Concerns are being raised after the U-S Environmental Protection Agency announced it’s using airplanes to conduct fly-over inspections of large-scale livestock lots in Iowa and Nebraska. Josh Svaty, the E-P-A Region 7 Senior Advisor, says they are focusing on livestock operations that may be violating Clean Water Act regulations. Svaty says, “We don’t want to bother the people that are doing their very best and are in complete compliance but there are hundreds of animal feeding operations in these impaired watersheds and this enables us to more easily find some of the ones that might need a little more attention from us than others.” He says it saves taxpayer dollars to use the aircraft to so this type of surveillance versus driving up and down hundreds of miles of rural roadways to do spot checks of farmers and ranchers.
“Most of them are in compliance and are doing just fine,” Svaty says. “Some of the larger feedlots, in fact, some of them that we’ve worked with in the past, we’ve noticed have made significant, substantial improvements over the years.” The practice is raising concerns from livestock producers and legislators. Members of the Nebraska Congressional delegation recently sent a letter to EPA administrator Lisa Jackson, asking for answers to those concerns by June 10th. Svaty says the EPA only takes still photographs and they avoid houses. He says Nebraska’s Farm Service Agency has been doing compliance flyovers since the 1980s so it isn’t a new concept. Iowa U-S Senator Chuck Grassley says he’ll likely join the Nebraskans in asking for more answers from the EPA.
“I’ll probably sign the letter without any insinuation that anything’s wrong but I sure have a right to know what in the heck they’re doing and what they’re up to,” Grassley says. “I’m more interested in that. Transparency will bring some accountability.” The Nebraska delegation is asking how many flights have been conducted and what statutes authorize aerial surveillance inspections. The delegation also wants to know if the EPA conducted such flights prior to 2010. It asks what images are made, how they are used and how long they are kept. Grassley says this type of flight is nothing new. “Going back to the 1930s and ’40s, we’ve had airplanes fly over farmland in Iowa and take pictures and all of the work at the county offices where measuring fields was done from the photographs that airplanes were taking at that particular time,” Grassley says. “If that’s what they’re up to, we’ve been involved with that for 60 years but I wanna’ know what they’re up to.”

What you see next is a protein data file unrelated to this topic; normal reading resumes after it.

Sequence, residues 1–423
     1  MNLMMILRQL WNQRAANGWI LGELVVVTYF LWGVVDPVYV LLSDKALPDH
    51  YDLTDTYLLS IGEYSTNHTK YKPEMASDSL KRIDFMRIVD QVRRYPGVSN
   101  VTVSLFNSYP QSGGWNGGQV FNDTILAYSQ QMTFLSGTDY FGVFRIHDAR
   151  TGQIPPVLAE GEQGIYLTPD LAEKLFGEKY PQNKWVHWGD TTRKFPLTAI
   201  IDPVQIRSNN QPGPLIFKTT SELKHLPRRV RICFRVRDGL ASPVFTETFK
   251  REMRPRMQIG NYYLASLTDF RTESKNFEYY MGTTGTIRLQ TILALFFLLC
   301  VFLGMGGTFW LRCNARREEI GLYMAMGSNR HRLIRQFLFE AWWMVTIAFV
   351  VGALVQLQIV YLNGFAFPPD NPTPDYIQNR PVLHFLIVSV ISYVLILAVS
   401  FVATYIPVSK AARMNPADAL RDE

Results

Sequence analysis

The letter to the head of the EPA notes that farmers and ranchers pride themselves in the stewardship of natural resources, saying, “As you might imagine, this practice (of flyovers) has resulted in privacy concerns among our constituents and raises several questions.” Grassley says the EPA needs to be more upfront.
“Whatever the federal government’s doing, observing on private land, the public has a right to know,” Grassley says. “You’ve also got to remember though that out in California, they use a lot of airplanes to take pictures to see where people are violating the laws by growing marijuana.” Grassley, a Republican, says all farmers know they have to abide by the Clean Water Act. “I don’t think it’s very easy to cover up if you’re killing fish that you’re violating.”